What I claim as my invention, and desire to secure by Letters Patent, is—
    The design or pattern for the handles of spoons, knives, forks, and other articles of tableware, herein set forth and shown.

    JOSEPH SEYMOUR.

    Witnesses:
    George D. Cowles
    David B. Iserman
  • He was a partner from 1 Jan 1870 to 1879 with Joseph Seymour in Syracuse NY as JOSEPH SEYMOUR & SON. 12

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  • He was issued design patent number 9,854 on 13 Mar 1877

    JOSEPH SEYMOUR, OF SYRACUSE, NEW YORK.

    DESIGN FOR HANDLES FOR KNIVES, FORKS, AND SPOONS.

    Specification forming part of Design No. 9,854, dated March 13, 1877 ; application filed February 9, 1877.
    [Term of Patent 7 years.]

    To all whom it may concern:
    Be it known that I, JOSEPH SEYMOUR, of the city of Syracuse, in the county of Ououdaga and State of New York, have originated a new Design or Pattern, called "The Duchess," for the Handles of Knives, Forks, Spoons, and other articles of table-ware manufactured from silver or other metal, of which the following is a full, clear, and exact description, reference being had to the accompanying drawing, making part of this specification.
    In the drawing, Figures 1 and 3 represent the front of the pattern, and Figs. 2 and 4 the reverse side of the same, as shown upon a spoon and fork.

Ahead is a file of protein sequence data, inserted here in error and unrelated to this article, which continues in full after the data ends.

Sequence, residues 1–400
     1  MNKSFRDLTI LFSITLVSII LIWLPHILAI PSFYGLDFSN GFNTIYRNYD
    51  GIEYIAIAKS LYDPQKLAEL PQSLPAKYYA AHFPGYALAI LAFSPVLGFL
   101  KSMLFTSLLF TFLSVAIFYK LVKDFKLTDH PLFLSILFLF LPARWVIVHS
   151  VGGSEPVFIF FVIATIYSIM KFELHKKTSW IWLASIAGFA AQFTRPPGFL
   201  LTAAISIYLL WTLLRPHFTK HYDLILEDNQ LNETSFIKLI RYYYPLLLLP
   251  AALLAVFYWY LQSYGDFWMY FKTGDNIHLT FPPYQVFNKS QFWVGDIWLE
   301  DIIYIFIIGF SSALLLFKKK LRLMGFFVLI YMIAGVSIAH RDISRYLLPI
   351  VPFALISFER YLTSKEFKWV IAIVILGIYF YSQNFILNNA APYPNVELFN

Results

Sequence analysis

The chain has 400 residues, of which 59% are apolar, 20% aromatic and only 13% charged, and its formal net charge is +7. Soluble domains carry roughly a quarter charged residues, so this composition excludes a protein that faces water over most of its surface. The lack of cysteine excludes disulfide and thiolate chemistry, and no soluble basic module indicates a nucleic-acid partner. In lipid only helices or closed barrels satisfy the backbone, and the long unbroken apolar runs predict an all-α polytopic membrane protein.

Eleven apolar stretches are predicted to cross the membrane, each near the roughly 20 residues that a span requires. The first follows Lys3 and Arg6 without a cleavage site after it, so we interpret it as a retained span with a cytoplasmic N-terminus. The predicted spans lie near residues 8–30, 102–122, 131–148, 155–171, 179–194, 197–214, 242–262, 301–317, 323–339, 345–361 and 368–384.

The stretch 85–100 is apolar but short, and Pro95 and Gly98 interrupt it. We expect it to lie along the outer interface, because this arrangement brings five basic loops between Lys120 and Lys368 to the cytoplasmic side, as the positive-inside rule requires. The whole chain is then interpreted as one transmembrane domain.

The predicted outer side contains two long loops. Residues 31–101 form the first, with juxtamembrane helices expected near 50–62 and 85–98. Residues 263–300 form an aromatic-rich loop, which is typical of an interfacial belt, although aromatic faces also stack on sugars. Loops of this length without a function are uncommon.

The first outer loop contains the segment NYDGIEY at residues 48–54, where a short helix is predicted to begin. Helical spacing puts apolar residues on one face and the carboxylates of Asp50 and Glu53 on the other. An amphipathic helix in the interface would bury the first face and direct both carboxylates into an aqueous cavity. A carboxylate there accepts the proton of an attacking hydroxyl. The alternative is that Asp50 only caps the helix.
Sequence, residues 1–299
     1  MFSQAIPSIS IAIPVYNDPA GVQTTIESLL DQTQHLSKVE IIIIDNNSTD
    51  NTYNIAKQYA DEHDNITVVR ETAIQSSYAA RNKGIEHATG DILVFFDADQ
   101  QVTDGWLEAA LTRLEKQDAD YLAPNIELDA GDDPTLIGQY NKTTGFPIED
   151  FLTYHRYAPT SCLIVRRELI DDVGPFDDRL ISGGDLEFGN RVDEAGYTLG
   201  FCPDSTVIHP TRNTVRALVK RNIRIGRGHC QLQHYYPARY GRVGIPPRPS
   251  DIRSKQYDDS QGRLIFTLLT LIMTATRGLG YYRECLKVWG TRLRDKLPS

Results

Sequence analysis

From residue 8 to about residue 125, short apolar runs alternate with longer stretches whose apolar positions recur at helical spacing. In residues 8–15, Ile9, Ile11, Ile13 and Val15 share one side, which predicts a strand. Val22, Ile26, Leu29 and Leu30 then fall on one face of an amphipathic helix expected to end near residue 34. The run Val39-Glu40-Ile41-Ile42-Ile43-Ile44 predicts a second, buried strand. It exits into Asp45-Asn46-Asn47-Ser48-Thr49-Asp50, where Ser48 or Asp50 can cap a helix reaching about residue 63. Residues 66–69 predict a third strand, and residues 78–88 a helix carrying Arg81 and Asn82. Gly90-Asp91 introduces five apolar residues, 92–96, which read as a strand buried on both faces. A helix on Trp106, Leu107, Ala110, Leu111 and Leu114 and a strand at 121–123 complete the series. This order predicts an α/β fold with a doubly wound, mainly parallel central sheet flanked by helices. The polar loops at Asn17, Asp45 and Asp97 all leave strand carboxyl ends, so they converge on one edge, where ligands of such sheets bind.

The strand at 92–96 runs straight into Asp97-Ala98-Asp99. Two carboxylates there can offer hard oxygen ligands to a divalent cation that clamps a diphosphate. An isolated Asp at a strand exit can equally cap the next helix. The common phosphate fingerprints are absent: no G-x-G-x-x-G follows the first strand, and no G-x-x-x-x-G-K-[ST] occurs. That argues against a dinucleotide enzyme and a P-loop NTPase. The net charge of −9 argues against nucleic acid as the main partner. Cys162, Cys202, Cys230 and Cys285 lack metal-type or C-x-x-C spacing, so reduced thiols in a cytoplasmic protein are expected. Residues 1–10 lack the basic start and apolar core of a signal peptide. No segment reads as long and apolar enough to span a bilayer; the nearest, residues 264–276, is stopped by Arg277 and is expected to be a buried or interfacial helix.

The pattern may be described as consisting of two parts, the shank and the handle, with a swell or other suitable finish where they join. The front of the shank is concave and bordered on the edges by a flat thread with a scroll or other suitable figure at the top and bottom thereof. The handle is bordered on its edges by a flat thread, and near its upper end has an oval surrounded also by a flat thread, with a similar thread running from the lower end of the oval lengthwise down the center line of the front of the handle to its junction with the shank. The surface of the oval is plain, and that of the remainder of the handle within the border is figured, the oval being surrounded by a vine bearing leaves and flowers, and between the oval and shank being filled with scroll-work.
    Upon the reverse side of the pattern shown in Figs. 2 and 4 the shank is concave. The shank and handle upon this side are also bordered by a flat thread, terminating at the lower end of the shank, in an ornamental figure. The surface of this side of the pattern is plain, excepting an ornamental scroll at the upper end of the handle, and a diamond shaped figure covering the junction of the handle and shank.
    What I claim as my invention, and desire to secure by Letters Patent, is—
    The design for the handles of knives, forks, spoons, and other articles of table-ware, as herein shown, set forth, and described.

    Joseph Seymour

    Witnesses:
    Geo. D. Cowles
    I. Woodward

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  • Tradecard, c 1880
    Private Collection
  • He appeared on the 1880 census taken at Syracuse NY, listed as a silverware manufacturer.

Joseph married Emily Mary Goodwin on 19 Jan 1846 in Hartford CT. (Emily Mary Goodwin was born on 1 Aug 1817 in East Hartford CT.)